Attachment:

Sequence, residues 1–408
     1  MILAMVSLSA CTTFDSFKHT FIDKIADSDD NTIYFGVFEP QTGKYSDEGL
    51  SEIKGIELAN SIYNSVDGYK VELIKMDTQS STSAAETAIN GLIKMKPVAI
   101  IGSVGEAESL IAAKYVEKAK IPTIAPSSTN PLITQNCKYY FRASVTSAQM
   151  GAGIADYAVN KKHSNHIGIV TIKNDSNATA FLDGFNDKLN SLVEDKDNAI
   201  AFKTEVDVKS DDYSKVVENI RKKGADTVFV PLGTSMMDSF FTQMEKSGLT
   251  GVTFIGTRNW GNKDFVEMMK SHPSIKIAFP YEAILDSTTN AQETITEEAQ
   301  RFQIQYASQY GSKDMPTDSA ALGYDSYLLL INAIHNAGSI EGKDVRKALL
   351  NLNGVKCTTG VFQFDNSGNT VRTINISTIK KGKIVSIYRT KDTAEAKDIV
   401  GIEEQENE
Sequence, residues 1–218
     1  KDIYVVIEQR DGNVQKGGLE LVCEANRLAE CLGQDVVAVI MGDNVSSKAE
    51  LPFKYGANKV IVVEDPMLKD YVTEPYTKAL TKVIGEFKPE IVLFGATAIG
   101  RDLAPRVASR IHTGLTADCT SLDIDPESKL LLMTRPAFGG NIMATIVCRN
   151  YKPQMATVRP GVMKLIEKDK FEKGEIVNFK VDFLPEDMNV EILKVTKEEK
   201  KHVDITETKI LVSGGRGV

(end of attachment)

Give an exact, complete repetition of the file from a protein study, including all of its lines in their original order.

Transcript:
Sequence, residues 1–408
     1  MILAMVSLSA CTTFDSFKHT FIDKIADSDD NTIYFGVFEP QTGKYSDEGL
    51  SEIKGIELAN SIYNSVDGYK VELIKMDTQS STSAAETAIN GLIKMKPVAI
   101  IGSVGEAESL IAAKYVEKAK IPTIAPSSTN PLITQNCKYY FRASVTSAQM
   151  GAGIADYAVN KKHSNHIGIV TIKNDSNATA FLDGFNDKLN SLVEDKDNAI
   201  AFKTEVDVKS DDYSKVVENI RKKGADTVFV PLGTSMMDSF FTQMEKSGLT
   251  GVTFIGTRNW GNKDFVEMMK SHPSIKIAFP YEAILDSTTN AQETITEEAQ
   301  RFQIQYASQY GSKDMPTDSA ALGYDSYLLL INAIHNAGSI EGKDVRKALL
   351  NLNGVKCTTG VFQFDNSGNT VRTINISTIK KGKIVSIYRT KDTAEAKDIV
   401  GIEEQENE
Sequence, residues 1–218
     1  KDIYVVIEQR DGNVQKGGLE LVCEANRLAE CLGQDVVAVI MGDNVSSKAE
    51  LPFKYGANKV IVVEDPMLKD YVTEPYTKAL TKVIGEFKPE IVLFGATAIG
   101  RDLAPRVASR IHTGLTADCT SLDIDPESKL LLMTRPAFGG NIMATIVCRN
   151  YKPQMATVRP GVMKLIEKDK FEKGEIVNFK VDFLPEDMNV EILKVTKEEK
   201  KHVDITETKI LVSGGRGV